What I found amusing also was that as they launched the website and said they would be saving the 15% commission (I think), I hoped they were aware of what extra they may have to spend on getting people to their website.
    But good luck to them.

    • 4 years ago

      Tell me about it – I was playing with Adwords over the weekend and burning through 31p a click for a couple of hours started to add up pretty fast to some scary numbers if I had left it running a whole month!

    • 4 years ago

      Lets be honest Amazon is a beast and we would have all loved to have been the person who created that beast. Their business model is amazing, for them of course. I don’t like having to sell on Amazon, but it is no good working against it because you won’t win and therefore we embrace it as best we can. I watched the documentary and thought – wow, how have they got away with becoming so productive and getting government grants to help fund it too. I take my hat off to them…. but I hope I never have to work for them.

      As for Google PPC – 25-30p a click for us and I just cannot decide if it is worth it at all – but if it isn’t why are all my competition doing it ? That I suppose is a whole new subject.

    • Jimbo
      4 years ago

      “As for Google PPC – 25-30p a click for us and I just cannot decide if it is worth it at all – but if it isn’t why are all my competition doing it ?”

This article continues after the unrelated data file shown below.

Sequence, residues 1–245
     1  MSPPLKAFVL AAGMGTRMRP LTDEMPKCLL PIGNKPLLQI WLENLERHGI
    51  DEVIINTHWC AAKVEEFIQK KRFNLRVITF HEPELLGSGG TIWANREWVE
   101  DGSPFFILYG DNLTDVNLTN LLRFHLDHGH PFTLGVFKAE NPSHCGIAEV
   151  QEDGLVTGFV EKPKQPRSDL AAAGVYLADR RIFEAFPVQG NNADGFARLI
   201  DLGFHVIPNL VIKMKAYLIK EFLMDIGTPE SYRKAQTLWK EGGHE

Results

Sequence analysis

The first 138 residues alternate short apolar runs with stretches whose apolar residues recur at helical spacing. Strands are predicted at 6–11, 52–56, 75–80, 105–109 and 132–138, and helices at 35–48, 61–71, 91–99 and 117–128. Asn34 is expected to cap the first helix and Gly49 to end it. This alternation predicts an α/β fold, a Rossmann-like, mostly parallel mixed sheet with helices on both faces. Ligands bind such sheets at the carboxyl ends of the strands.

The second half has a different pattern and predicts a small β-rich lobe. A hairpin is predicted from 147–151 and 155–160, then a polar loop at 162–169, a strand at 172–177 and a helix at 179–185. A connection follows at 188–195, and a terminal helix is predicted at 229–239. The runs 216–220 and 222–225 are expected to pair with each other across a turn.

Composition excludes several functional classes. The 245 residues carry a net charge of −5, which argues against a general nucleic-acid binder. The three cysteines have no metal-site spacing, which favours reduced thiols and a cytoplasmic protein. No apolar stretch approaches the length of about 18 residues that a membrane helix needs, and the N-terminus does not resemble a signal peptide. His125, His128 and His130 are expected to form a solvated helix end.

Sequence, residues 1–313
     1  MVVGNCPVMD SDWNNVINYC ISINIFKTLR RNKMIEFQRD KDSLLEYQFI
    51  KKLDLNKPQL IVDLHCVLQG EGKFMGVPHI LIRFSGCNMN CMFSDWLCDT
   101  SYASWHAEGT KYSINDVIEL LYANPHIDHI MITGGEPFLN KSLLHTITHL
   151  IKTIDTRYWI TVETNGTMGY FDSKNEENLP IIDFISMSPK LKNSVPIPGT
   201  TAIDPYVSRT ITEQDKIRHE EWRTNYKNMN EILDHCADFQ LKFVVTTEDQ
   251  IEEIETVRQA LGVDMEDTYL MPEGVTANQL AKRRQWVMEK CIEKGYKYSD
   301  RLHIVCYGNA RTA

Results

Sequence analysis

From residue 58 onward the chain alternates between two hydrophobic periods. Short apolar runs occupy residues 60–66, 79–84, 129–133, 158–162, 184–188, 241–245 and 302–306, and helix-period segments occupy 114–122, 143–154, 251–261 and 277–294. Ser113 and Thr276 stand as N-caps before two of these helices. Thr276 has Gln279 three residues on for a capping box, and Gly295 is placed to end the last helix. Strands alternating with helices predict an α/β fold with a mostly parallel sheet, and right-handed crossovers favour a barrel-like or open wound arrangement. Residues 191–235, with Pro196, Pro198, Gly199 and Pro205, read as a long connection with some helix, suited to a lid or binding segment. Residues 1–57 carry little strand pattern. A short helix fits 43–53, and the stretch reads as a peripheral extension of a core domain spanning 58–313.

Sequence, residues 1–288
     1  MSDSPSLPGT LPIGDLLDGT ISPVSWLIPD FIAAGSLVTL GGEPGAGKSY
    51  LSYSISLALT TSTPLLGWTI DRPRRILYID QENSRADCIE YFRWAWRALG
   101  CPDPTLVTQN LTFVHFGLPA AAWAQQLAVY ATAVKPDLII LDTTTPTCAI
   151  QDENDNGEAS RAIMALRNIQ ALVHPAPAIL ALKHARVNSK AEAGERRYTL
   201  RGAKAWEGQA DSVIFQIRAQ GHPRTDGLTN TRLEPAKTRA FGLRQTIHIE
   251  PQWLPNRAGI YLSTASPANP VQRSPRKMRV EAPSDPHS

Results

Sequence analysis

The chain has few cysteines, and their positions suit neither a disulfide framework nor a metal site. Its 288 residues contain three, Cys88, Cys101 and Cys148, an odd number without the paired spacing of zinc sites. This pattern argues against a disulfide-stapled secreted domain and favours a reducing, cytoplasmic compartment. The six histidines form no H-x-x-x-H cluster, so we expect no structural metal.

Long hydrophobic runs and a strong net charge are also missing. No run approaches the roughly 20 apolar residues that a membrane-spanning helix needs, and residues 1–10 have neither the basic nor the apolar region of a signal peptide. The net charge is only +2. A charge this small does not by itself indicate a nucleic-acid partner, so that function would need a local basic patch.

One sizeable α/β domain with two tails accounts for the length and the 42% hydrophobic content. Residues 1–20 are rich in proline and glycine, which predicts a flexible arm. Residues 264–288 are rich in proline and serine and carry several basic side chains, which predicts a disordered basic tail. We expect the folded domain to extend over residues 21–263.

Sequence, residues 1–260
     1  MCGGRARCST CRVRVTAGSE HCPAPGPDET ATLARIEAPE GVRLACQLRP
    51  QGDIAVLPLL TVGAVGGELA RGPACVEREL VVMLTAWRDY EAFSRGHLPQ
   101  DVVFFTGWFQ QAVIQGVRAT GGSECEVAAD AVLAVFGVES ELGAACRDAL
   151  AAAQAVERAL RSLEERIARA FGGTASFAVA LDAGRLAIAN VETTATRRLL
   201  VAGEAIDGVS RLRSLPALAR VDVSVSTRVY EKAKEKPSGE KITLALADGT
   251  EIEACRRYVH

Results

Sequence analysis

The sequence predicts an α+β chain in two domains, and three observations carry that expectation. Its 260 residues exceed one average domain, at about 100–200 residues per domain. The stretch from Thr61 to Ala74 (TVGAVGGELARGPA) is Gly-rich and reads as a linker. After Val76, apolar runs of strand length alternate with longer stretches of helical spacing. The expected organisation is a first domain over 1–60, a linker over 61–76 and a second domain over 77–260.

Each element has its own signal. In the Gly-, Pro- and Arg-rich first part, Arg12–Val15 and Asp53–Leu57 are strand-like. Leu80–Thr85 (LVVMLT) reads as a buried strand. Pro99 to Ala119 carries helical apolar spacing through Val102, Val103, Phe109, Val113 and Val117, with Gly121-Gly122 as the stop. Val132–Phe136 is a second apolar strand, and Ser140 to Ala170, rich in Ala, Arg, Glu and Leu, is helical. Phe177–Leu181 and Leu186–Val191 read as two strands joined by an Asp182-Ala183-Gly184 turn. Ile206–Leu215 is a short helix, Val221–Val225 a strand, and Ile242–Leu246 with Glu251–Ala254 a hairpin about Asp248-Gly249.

Why don’t you stop and see hoe it effects your sales? The way to see if it is worth it is by tracking your conversion costs. If your not doing that don’t bother with PPC.

    • Stuart
      4 years ago

      I too was shocked to see them only just setting up a website…..but then all these people moaning on about the ‘end’ of the high street are often the ones that haven’t changed with the times.

      I do think it looked very hard work picking the orders there, but then of people want cheap goods this is the price people pay, just like all the people that work in other countries making clothes for Primark etc, now that is really hard work and they probably don’t get paid in a day what the Amazon employees get in an hour.

      Most people won’t really care about the program and it won’t change their buying habits.

      Did make me think I need some countdown scanners for my picking teams :-)

    • 4 years ago